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. Last Updated: 07/27/2016

Putin Promises No Capital Controls

RIA-Novosti / APPrime Minister Vladimir Putin addressing businesspeople at an international investment forum in Sochi on Friday.

SOCHI — The government needs to boost investment to ensure it emerges strong from the financial crisis, so it will not reintroduce capital controls, Prime Minister Vladimir Putin said Friday.

Russia resisted calls for capital controls, choosing instead to spend $200 billion of reserves in late 2008 and early 2009 on keeping the ruble from weakening too quickly as it adjusted to lower oil prices and the country’s first recession in a decade. “We will keep this liberal regime, which is one of the fundamental reasons for investment in Russia’s economy,” Putin told an economic forum in the Black Sea resort town of Sochi.

Businessmen attending the forum were upbeat about prospects in Russia’s resource-rich economy, now that the worst of the global slowdown seems to have passed and investors are looking for fresh avenues for their cash.

David Bonderman, founding partner of one of the world’s largest private equity funds TPG, said he is looking for opportunities for about $30 billion in uninvested capital and is “cautiously optimistic” about Russia.

“We have about $60 billion of capital, half of it is uninvested and we are looking for opportunities,” he said.

General Electric listed Russia among its priorities, adding that it is in talks about possible projects with Russian Railways and Gazprom.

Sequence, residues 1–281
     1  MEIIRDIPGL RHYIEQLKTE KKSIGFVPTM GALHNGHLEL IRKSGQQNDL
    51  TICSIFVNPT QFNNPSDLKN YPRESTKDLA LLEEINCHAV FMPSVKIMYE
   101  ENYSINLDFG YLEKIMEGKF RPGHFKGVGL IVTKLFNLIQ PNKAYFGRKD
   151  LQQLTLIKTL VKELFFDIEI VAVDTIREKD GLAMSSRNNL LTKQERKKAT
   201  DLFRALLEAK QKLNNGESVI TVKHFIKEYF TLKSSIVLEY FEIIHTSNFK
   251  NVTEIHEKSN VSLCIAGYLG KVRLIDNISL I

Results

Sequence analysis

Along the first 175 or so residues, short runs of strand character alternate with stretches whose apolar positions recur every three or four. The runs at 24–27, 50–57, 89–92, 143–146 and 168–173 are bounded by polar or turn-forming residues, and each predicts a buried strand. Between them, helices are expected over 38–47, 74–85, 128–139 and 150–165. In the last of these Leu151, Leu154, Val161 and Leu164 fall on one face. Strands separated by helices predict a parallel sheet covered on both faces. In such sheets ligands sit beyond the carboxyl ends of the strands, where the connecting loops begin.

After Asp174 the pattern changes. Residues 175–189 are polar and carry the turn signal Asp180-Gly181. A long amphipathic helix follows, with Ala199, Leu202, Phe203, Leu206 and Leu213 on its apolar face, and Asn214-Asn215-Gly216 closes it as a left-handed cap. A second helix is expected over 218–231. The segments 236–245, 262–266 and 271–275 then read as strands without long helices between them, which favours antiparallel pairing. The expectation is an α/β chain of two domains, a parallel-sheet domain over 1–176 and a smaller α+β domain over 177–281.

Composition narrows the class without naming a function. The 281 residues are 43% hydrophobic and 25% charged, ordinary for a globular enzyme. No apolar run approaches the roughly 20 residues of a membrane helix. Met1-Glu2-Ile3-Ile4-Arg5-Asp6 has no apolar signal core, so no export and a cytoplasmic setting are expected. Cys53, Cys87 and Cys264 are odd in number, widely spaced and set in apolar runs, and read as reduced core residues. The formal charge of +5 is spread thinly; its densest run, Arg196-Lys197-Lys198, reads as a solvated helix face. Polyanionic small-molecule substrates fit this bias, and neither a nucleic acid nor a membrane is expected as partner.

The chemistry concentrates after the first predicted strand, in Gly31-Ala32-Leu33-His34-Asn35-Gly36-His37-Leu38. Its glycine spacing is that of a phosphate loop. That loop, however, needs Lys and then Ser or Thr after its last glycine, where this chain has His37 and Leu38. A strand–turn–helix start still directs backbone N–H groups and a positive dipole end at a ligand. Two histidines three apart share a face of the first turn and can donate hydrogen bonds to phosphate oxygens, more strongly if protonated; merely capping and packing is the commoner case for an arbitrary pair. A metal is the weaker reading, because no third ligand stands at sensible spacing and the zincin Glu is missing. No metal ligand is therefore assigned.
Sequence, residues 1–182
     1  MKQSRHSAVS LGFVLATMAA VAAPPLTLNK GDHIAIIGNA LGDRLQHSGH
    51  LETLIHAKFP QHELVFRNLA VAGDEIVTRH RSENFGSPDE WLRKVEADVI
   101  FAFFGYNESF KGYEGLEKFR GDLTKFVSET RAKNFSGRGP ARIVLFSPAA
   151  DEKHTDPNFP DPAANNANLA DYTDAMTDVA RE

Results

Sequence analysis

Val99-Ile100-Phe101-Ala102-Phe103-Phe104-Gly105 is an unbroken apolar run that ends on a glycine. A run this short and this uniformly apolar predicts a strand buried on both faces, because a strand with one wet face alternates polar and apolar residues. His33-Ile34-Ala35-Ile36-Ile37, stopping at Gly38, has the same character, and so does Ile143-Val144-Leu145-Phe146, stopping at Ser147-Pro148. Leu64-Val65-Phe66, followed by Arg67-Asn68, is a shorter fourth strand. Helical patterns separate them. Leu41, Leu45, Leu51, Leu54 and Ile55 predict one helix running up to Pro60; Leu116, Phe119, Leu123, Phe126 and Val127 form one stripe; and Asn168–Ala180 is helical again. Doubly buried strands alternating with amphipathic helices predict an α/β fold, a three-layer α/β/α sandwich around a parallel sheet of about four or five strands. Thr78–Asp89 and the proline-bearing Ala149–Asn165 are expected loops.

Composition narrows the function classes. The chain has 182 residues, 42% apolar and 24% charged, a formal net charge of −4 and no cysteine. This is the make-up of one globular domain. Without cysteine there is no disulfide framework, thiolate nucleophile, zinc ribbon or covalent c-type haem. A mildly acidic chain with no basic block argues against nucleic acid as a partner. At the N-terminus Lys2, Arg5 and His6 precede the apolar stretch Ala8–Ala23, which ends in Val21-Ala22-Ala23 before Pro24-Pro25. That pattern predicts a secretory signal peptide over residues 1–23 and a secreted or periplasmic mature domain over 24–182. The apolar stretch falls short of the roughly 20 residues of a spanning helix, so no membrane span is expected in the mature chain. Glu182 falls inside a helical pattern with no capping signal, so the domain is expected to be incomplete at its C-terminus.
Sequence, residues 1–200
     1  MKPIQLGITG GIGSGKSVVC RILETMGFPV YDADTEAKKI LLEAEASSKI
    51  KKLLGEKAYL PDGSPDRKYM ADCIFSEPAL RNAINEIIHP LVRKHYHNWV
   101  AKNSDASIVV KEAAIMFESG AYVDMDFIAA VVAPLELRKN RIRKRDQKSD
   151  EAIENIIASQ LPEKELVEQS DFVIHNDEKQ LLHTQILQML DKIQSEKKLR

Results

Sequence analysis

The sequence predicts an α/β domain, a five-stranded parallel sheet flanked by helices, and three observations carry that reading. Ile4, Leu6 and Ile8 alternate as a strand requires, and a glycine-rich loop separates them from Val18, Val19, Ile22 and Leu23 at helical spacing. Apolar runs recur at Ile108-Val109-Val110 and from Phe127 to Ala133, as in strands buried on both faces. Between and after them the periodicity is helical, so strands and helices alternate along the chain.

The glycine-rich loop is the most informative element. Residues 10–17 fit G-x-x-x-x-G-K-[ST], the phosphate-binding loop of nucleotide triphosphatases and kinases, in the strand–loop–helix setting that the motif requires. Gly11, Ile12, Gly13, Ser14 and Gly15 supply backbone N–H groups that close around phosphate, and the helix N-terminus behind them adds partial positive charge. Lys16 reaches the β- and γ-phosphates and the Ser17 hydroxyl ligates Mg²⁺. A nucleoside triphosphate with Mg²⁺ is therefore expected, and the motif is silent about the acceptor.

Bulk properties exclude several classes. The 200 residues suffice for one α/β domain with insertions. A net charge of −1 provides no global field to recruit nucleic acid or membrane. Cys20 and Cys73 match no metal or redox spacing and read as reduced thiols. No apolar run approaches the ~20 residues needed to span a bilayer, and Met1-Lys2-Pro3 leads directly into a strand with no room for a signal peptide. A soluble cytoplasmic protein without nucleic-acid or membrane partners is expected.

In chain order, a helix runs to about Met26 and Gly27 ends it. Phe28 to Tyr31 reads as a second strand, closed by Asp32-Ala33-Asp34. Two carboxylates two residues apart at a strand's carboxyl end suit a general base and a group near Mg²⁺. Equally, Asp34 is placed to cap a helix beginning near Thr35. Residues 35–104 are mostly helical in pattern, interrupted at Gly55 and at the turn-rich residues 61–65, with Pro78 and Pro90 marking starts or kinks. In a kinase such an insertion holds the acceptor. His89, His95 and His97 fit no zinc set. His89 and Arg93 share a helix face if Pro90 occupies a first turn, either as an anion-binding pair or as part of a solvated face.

Putin said he hoped the purchase of Germany’s Opel by a consortium including Sberbank and carmaker GAZ would set a precedent for fruitful partnerships with foreign companies. “We are open to foreign investments, of course. … We need not so much the money, and not just the money, but first of all the knowledge and the experience that key international players have,” he said.

The government should start thinking about how it will unwind anti-crisis stimulus measures and diversify the economy from natural resources to cushion it from future turmoil, he added. Investment will be key here.

Although Russia has been much harder hit by the global crisis than other major emerging markets such as China or India, Putin said his country had some advantages over the others.

“One of the main advantages of China is stability. … A possibility for financial authorities to make decisions without looking back at political situations. Some people like it, some don’t, but for investors it is an advantage. But there are some currency restrictions,” he said. “In Russia there are some problems but some pluses, including the liberal financial regime.”

But some remained skeptical about how far Russia — which in the past had a checkered relationship with foreign investors, especially in strategic sectors — would really open up.

“The suspicion will obviously linger that any attempt now to woo foreign investment is a transitory move, while Russia is in need of capital/funding,” RBS analyst Tim Ash said in a note.

“But once global markets and commodity markets pick up this desire to really open up, foreign investment will again fall by the wayside in favor of Russia, and in particular, Russian state interests.”